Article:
These buildings were so shoddily constructed that they leaned into one another, almost merging together, and giving Kowloon Walled City the appearance that it was one single construct instead of hundreds of modular pieces. 

Before the 1960s, Kowloon Walled City was mostly known as an area for squatters, sex workers, and drug dealers. Crime and gang activity was rampant when a fire in 1950 burnt the mostly wooden Walled City nearly to the ground.

From the burnt remains, the occupants of Kowloon Walled City rebuilt the enclave city anew, making it even more isolated and densely structured this time around. By the 1960s, the self-governing, self-reliant Kowloon Walled City that everyone knows so well was taking shape.

Kowloon Walled City Community and Residents 

No one really knew what to do with the Walled City. The British wanted nothing to do with it, leaving it in China’s hands. Years passed, and Kowloon Walled City reached its largest size in the 1970s and 1980s. People outside the Walled City saw it as an eyesore, but inside the cramped walls, the residents called it home. 

One of the city’s alleyways

Soon, though, it would get another moniker–the City of Darkness. 

Despite being self-governed, Kowloon Walled City inside was surprisingly functional. As the 300 or so buildings within the city started to merge into one single, solid structure, the residents adapted.

Eight municipal pipes provided water, and when the buildings became too tightly packed for sunlight to reach the streets, fluorescent street lights would be installed.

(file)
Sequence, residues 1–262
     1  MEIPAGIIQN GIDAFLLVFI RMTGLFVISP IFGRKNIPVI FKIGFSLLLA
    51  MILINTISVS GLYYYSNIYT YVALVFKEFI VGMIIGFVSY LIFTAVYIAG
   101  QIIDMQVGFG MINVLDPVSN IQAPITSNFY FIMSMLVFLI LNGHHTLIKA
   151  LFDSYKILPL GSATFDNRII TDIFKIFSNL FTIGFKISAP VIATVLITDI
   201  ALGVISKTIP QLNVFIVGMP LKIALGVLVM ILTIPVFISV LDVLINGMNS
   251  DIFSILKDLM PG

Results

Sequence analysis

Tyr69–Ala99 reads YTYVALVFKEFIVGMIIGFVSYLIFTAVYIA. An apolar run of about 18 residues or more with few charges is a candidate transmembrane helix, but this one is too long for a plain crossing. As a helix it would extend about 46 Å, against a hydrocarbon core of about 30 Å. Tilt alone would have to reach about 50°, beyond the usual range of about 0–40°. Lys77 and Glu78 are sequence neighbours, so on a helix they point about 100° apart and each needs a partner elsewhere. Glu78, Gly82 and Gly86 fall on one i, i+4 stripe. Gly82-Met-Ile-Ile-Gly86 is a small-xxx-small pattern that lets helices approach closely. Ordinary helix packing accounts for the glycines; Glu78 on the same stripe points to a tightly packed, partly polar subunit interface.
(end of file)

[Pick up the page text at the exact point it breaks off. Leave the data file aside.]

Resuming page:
This is when the dim city truly became the City of Darkness, but those who occupied it had no desire to leave.

There was community-driven trash collection, mail service, and dozens of factories providing goods not just for the Walled City, but to Hong Kong as a whole.

Schools, doctors, and dentists popped up but were unregulated. Crime decreased in a major way, and for a time, Kowloon Walled City was miserably cramped, largely unregulated, but peaceful. 

The Destruction of Kowloon Walled City and the Aftermath

Outside of the Walled City, there was unrest brewing. Even if the residents of the city were happy, the area was still unsanitary, and the quality of life was close to unacceptable, at least by the standards of the rest of Hong Kong. 

In 1984, the Chinese and British governments both agreed that the Walled City had to go. Despite protests, the demolition of the city was announced in 1987, and in its space would go Kowloon Walled City Park.

Residents were not happy. To assuage these doubts, the government paid HK $2.7 billion ($350 million US) to be distributed among both residents and businesses in the Walled City. For some, this was enough, and they moved out without an issue.

Others had to be forcibly evicted from the strange, cramped place they had called home. By 1993, all the residents were out, and the Walled City was empty. 

Demolition began in earnest on March 23, 1993, and concluded a little over a year later. It only took 13 months for one of the most fascinating places in history to be torn down, but the shadow and the legacy of Kowloon Walled City still remain. 


“The Strange Saga of Kowloon Walled City”


“The Kowloon Walled City: Lawlessness and Claustrophobia”